Namık Kemal, born as Mehmed Kemal (December 21, 1840 - December 2, 1888) was an Ottoman poet, translator, journalist, and social reformer.
Kemal was born in Tekirdağ to an Albanian mother Fatma Zehra and father Yenişehirli Mustafa Asım in the Ottoman Empire. He was influenced by the growing national sentiment of his day, and published a politically controversial newspaper. When the government cracked down on the newspaper he fled to Western Europe and worked there as a translator. When he returned, his most famous work, "Vatan Yahut Silistre", was staged at the Gedikpaşa Theatre in Istanbul on April 1, 1873. The play promoted nationalism and liberalism, and was considered dangerous by the Ottoman government. Immediately afterward, on April 9, 1873, he was sent into exile by the Ottoman Sultan and imprisoned in Cyprus. He was pardoned by Murat V on June 3, 1876, and returned to Istanbul (Constantinople) on June 29, 1876. He later became the governor of Sakız (now Chios, Greece), where he died in 1888. He was laid to rest in Bolayır, Çanakkale Province on the Gallipoli Peninsula.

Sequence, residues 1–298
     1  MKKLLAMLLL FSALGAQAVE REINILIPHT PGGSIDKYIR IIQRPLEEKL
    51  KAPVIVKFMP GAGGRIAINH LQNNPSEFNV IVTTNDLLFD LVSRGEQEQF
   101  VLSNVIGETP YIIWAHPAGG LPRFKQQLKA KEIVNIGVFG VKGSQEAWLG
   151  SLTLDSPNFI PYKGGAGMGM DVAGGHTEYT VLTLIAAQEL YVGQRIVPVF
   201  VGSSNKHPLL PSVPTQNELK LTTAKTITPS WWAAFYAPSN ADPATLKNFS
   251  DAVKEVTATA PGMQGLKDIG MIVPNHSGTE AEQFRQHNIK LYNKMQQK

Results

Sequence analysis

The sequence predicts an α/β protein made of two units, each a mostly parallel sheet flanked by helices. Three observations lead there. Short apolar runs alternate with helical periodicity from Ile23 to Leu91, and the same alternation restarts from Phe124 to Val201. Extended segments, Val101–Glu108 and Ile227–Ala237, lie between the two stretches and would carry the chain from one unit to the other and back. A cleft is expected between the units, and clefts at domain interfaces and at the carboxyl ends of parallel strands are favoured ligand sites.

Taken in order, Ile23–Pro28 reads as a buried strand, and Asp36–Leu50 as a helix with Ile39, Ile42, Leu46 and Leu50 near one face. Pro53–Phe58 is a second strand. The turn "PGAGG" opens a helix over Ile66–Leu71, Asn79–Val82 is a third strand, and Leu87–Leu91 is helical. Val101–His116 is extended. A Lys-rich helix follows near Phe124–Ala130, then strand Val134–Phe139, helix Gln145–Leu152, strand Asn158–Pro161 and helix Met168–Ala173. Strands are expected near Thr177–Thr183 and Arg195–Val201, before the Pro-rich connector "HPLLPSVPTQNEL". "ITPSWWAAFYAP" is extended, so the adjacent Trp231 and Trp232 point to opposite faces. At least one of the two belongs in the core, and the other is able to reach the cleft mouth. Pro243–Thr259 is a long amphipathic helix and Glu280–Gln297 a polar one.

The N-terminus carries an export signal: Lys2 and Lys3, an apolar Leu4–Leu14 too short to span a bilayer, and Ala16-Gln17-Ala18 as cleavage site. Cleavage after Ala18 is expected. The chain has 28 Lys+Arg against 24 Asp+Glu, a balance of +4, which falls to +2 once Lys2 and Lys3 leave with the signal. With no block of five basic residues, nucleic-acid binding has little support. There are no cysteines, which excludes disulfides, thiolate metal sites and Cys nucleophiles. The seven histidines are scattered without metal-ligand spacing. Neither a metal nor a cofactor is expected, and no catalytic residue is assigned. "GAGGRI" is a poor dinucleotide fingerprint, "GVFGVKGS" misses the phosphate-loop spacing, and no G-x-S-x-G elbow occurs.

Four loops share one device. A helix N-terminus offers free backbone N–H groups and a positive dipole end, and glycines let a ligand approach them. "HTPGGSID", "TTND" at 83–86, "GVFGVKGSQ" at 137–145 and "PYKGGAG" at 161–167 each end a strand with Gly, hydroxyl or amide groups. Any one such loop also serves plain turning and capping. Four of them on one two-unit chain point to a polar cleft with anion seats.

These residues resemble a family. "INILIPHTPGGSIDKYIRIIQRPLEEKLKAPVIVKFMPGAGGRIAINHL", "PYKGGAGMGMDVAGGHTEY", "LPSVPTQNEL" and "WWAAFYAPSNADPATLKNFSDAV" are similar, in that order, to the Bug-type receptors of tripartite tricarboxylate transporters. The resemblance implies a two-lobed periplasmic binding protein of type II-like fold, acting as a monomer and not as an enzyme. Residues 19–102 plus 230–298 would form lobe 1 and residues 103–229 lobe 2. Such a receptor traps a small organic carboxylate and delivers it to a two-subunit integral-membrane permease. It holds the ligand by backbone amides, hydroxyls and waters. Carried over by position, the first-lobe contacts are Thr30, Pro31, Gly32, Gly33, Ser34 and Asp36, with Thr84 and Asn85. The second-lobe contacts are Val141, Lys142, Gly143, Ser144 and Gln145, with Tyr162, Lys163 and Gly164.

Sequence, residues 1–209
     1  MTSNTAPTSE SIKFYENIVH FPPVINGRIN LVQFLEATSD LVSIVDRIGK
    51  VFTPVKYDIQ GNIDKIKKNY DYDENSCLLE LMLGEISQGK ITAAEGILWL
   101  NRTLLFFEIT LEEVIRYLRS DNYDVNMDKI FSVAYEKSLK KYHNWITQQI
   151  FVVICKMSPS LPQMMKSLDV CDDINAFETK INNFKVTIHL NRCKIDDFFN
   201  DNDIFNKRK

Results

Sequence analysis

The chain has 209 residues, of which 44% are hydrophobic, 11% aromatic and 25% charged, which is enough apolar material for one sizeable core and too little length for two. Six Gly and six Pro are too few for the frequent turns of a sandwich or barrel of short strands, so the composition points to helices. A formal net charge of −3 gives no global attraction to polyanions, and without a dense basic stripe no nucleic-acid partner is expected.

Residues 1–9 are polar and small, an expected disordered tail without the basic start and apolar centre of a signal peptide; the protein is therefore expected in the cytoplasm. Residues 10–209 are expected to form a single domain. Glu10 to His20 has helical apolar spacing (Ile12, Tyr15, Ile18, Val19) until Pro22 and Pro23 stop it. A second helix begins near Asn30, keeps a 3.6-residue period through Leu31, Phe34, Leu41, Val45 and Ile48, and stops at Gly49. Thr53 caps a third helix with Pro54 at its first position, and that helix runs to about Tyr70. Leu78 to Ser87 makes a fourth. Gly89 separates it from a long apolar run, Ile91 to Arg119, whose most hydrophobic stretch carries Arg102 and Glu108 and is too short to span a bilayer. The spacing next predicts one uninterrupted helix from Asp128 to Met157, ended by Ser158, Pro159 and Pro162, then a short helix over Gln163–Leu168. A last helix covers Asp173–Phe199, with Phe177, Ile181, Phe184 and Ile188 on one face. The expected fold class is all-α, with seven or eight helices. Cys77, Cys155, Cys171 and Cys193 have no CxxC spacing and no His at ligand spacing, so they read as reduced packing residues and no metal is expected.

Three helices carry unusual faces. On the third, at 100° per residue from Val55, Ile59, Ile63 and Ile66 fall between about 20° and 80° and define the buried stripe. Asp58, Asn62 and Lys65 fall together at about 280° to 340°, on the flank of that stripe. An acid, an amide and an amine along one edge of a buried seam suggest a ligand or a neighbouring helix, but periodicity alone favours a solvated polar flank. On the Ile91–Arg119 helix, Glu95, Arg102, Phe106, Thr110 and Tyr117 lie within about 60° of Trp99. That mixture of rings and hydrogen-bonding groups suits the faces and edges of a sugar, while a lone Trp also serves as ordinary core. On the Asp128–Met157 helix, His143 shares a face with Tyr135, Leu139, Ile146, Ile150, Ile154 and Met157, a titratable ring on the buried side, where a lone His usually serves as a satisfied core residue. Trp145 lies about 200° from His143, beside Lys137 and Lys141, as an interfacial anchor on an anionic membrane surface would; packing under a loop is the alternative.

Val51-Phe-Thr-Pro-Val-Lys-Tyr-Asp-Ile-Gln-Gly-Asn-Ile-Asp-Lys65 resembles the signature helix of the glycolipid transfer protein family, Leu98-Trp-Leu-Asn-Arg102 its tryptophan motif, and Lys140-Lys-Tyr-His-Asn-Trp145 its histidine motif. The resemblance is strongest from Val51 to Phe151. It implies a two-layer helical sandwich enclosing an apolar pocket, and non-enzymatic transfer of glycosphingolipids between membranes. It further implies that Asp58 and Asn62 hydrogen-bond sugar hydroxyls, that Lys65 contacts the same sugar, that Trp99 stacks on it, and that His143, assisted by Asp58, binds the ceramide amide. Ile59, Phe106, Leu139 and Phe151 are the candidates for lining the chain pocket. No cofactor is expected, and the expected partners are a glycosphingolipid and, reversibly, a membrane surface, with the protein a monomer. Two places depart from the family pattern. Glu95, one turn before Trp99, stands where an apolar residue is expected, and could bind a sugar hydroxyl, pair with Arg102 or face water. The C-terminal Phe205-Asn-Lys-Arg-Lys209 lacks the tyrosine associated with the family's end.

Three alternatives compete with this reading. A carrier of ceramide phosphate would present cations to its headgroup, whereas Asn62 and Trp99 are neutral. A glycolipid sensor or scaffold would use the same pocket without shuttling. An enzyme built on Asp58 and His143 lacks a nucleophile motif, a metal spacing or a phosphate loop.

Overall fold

Some of his most famous works are "Rüya", "Zavallı Çocuk", "Kerbela", "Akif Bey", "Gülnihal", "İntibah" and "Emir Nevruz". Some were published with pseudonyms, and others were published anonymously.
Kemal's patriotic writings became a source of inspiration for Mustafa Kemal Atatürk, the leader of the Turkish nationalist movement and the founder of the Republic of Turkey.
He was married to Nesime Hanım; they had two daughters (Feride and Ulviye) and a son (Ali Ekrem)
See also 
- ^ Bernard Lewis, The Emergence of Modern Turkey, Oxford U.P., 1968, p 141.
- ^ The Encyclopædia Britannica, Vol.7, Edited by Hugh Chisholm, (1911), 3; Constantinople, the capital of the Turkish Empire...
- ^ Britannica, Istanbul:When the Republic of Turkey was founded in 1923, the capital was moved to Ankara, and Constantinople was officially renamed Istanbul in 1930.
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